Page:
Even in the bouncing ball case, Newton's third law doesn't give the whole answer. If I drop a rubber ball and a brick onto the floor, the ball will bounce, while the brick won't. The equal and opposite reaction is enough to stop the ball and brick from moving. The ball gets an extra "kick" because it compresses when it first strikes and then springs back to its original shape, pushing off the ground with additional force.

You can do a basic analysis of this situation with the law of conservation of energy. Without going into details, the height something can reach when gravity is pulling down on it depends on the energy it has divided by its mass. Since the mass of the tea drops is much much smaller than the mass of the sugar cubes, the total height they can reach is higher than the sugar cube's starting point.

Here's the more detailed analysis:

If you hold something off the ground, it has **potential energy**, which is given by U=m*g*h, where m is the mass of the object, g is a constant that specifies the strength of earth's gravity, and h is the height you've lifted the object. When it falls, this energy changes into **kinetic energy**, which is the energy of moving objects. When it bounces, it rises and slows down: the kinetic energy becomes potential energy again. At its peak, it can not have gained energy (energy is conserved), so it can't get any higher than it was when you dropped it. This explains why a bouncy ball never bounces higher than you dropped it.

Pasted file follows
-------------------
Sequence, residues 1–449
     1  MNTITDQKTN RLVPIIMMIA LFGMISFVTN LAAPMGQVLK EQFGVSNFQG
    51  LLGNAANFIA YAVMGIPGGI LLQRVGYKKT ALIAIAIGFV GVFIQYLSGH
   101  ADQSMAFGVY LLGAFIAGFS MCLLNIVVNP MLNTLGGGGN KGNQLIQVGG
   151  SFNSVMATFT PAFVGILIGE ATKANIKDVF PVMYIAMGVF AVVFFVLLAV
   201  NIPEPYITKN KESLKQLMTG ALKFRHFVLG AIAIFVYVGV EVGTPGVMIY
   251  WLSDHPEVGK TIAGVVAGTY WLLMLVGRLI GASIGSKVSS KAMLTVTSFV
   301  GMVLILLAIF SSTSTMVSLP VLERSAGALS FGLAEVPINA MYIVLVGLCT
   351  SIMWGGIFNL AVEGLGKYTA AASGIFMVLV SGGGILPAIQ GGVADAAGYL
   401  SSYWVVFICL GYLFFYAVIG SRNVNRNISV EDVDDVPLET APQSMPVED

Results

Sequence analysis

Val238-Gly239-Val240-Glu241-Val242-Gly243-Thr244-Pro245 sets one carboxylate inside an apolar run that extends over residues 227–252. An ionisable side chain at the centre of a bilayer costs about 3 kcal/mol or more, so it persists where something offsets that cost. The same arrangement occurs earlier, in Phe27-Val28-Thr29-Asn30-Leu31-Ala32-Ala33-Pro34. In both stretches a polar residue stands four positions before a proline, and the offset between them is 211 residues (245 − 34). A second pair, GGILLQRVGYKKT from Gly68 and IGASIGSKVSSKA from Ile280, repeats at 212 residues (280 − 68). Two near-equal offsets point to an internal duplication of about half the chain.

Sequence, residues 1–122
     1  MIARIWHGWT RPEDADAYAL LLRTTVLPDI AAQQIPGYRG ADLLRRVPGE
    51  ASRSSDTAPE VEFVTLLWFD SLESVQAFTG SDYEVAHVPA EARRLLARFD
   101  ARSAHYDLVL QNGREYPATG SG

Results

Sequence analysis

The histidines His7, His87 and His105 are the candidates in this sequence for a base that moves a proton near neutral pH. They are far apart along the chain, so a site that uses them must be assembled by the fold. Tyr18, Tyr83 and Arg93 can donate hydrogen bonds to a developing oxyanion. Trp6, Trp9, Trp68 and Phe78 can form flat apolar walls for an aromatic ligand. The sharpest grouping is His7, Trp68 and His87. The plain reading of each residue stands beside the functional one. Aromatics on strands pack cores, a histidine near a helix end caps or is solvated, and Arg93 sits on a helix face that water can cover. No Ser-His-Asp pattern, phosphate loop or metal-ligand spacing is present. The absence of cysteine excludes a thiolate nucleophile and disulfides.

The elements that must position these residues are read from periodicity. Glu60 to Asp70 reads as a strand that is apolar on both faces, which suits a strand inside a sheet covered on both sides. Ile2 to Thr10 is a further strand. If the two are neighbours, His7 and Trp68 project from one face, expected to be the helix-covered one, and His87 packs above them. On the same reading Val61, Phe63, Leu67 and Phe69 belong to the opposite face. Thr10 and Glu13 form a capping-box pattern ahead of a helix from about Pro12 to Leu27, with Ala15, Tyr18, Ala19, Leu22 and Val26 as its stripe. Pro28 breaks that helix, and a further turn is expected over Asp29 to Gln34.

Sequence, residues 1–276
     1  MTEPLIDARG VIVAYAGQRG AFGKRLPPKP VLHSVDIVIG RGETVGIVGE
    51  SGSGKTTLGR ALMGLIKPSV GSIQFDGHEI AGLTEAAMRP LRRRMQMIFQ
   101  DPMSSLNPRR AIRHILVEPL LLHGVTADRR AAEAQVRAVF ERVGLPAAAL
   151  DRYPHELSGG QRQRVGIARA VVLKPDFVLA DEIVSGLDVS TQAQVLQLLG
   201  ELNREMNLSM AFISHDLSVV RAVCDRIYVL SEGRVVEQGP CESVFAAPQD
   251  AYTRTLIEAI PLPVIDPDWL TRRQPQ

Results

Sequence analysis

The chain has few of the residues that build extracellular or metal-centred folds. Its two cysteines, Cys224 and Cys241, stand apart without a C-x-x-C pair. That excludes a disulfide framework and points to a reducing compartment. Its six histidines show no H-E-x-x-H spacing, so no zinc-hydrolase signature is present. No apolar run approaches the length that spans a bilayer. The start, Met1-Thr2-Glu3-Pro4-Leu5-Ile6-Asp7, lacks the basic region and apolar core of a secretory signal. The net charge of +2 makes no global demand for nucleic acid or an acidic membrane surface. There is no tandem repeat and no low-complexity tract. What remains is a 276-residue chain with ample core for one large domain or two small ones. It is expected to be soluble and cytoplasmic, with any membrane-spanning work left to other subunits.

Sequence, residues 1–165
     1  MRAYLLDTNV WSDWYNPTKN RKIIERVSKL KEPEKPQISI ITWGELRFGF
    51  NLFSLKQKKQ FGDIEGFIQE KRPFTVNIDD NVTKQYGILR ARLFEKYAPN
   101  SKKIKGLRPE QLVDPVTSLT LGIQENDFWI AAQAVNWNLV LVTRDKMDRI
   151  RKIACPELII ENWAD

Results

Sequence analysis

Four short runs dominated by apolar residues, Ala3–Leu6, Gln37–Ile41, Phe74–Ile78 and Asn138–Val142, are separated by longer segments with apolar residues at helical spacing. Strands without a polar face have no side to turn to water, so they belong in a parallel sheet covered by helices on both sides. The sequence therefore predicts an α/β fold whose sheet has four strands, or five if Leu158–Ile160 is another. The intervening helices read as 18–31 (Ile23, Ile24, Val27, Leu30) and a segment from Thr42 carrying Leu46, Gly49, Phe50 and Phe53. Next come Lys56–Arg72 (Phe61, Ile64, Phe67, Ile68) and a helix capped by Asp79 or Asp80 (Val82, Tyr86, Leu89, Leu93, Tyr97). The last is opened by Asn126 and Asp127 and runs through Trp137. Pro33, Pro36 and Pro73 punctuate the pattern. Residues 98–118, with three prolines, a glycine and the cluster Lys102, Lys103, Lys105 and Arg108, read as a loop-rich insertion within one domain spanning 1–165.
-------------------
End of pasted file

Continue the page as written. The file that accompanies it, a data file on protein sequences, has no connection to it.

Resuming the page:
Ok: so what about a sugar cube in water? Well the sugar cube has some potential energy due to gravity that depends on its height and mass. When it hits the water, it has converted that potential energy into kinetic energy. However, when it enters the water it slows down, so it loses energy. This energy lost by the cube is transfered into the water: some of it as heat, some of it as waves, and some of it will kick droplets back out of the water. Remember that the potential energy of something is equal to m*g*h. Even if they're not getting all the energy from the cube, if these water droplets have a very tiny mass, then you can multiply them by a large height, h, and still have a small total energy for the droplet. Put another way, if you have a water droplet kicked out of the tea that has energy E, the height it will reach (assuming it splashes straight up) is h=E/(m*g). So for a fixed energy, if you take a very small mass of the water, it can reach a great height.